Transformation is a kind of change in which the problem is made simpler to solve by using a way of being or cognitive map which is more complex.

Systems Theory makes a distinction between orders of change. If I change the light bulb or if I change my shirt, that is first order change. Things are different but the structure remains the same. Second order change is an actual transformation of the structure. Third order change is a change in the way the structure is created.

If the light bulb burns out and I replace it with one just like it I have changed the light bulb but overall I have simply restored the system to its previous state. This is first order change.

It the light bulb burns out and I decide to use a long-life energy efficient bulb I now have a different way of plugging into the power grid to get light. This is second order change.

But if I decide that I am tired of buying light bulbs when there is a sun which provides plenty of light and I put a hole in the roof and install a solar tube I am now off the grid (at least for this light) and am not buying light bulbs. This provides light but gets it from a different source. This is third order change.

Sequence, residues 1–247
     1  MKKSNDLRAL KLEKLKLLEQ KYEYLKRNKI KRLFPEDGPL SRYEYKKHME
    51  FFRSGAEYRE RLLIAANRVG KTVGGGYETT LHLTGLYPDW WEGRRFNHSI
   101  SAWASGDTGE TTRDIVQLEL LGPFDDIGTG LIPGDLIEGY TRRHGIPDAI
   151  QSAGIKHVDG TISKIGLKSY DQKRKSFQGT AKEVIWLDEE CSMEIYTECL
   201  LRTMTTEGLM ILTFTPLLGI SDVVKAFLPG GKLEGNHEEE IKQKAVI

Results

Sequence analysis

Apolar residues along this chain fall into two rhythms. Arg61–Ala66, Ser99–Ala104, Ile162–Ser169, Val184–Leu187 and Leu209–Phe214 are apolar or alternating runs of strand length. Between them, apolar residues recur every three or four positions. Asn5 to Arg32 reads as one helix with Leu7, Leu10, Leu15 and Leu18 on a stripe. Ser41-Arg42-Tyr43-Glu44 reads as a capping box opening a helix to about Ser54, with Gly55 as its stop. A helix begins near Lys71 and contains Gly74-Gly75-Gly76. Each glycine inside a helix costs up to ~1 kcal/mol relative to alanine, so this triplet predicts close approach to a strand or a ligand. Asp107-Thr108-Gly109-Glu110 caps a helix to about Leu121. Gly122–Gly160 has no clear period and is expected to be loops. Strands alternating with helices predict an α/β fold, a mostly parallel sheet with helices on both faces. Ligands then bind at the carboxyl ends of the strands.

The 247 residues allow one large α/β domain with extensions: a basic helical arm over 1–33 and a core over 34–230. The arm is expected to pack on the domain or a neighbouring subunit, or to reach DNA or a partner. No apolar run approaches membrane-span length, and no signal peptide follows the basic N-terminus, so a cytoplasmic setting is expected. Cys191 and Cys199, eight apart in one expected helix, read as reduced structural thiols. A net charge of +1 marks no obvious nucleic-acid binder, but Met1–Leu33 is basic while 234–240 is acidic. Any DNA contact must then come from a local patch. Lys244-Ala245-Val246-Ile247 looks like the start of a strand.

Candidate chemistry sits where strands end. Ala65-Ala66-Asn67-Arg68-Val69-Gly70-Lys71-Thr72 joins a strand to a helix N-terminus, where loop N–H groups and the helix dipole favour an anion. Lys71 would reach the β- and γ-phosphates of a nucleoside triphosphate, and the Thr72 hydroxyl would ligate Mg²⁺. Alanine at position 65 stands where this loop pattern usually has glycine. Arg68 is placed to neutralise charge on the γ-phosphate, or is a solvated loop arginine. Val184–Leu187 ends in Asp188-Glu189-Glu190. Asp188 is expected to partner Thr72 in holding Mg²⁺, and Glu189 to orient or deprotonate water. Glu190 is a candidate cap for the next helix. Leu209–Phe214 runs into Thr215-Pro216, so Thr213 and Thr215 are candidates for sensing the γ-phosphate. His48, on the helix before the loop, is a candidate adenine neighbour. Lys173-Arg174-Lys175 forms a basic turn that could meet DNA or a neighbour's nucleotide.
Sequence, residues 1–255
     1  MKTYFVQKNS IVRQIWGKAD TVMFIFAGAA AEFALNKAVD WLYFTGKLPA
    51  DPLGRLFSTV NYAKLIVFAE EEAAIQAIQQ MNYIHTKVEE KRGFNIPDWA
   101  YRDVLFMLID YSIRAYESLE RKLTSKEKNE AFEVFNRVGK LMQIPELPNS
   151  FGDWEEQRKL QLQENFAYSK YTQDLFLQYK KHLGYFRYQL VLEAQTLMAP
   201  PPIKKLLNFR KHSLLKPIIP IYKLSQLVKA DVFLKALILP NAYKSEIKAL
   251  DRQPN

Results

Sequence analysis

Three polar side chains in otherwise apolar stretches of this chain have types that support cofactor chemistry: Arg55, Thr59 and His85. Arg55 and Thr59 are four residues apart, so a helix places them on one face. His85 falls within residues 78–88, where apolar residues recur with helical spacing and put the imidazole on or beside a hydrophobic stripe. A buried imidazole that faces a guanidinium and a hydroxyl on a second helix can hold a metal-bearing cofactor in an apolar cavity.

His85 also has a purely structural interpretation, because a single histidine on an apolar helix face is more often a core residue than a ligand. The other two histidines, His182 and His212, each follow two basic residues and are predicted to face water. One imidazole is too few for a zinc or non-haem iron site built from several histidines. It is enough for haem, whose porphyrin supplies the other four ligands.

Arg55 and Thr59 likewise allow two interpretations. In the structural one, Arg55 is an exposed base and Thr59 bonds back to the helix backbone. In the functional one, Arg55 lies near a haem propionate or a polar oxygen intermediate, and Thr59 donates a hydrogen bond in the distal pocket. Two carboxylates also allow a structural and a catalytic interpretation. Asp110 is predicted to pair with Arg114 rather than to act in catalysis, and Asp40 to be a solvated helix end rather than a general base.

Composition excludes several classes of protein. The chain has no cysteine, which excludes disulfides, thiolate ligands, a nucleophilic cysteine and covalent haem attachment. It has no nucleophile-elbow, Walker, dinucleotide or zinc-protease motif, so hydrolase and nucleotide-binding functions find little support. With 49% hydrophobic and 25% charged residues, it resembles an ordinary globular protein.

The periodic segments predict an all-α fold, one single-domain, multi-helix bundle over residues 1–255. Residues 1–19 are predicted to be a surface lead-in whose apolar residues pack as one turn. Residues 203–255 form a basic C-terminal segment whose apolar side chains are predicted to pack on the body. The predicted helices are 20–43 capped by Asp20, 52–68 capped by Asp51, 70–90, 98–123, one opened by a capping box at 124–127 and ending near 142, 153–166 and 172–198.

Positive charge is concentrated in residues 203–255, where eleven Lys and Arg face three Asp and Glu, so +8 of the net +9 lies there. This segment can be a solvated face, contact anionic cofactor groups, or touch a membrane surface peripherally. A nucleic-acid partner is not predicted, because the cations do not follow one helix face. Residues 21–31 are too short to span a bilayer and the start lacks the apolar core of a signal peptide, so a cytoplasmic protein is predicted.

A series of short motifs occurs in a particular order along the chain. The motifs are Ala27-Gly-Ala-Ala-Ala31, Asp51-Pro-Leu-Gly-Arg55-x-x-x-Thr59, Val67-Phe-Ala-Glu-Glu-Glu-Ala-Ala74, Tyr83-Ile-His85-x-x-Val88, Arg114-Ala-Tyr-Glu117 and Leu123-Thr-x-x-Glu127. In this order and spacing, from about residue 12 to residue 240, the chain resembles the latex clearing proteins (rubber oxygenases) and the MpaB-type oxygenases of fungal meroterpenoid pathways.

Each of these is a response to a system with a burnt out bulb, and each is a response which creates light in the room, but the kind of change is very different at each order. When things are different within a given order, we call that change. When we move to another order, we call that transformation.

All growth happens through stages. Sometimes the stages are clearly delineated as in the life cycle of an insect. Insects grow from egg to larva to pupa to adult. Butterfly larvae (caterpillars) are so easily differentiated from adults that one must be an expert to know which caterpillars become which butterflies.

Oak trees also grow through stages going from acorn to seedling to sapling to adult. While it is easy to differentiate an acorn from a mature tree, it is a bit harder to say when it transforms from a sapling to an adult tree by becoming sexually mature.

In the case of oak trees, they also undergo changes through the annual cycle of dormancy, new growth, fully leaved seed production, leaf change and return to dormancy. That is, they cycle through winter, spring, summer and fall. But these changes are not transformation except that each year another ring is added to the trunk.

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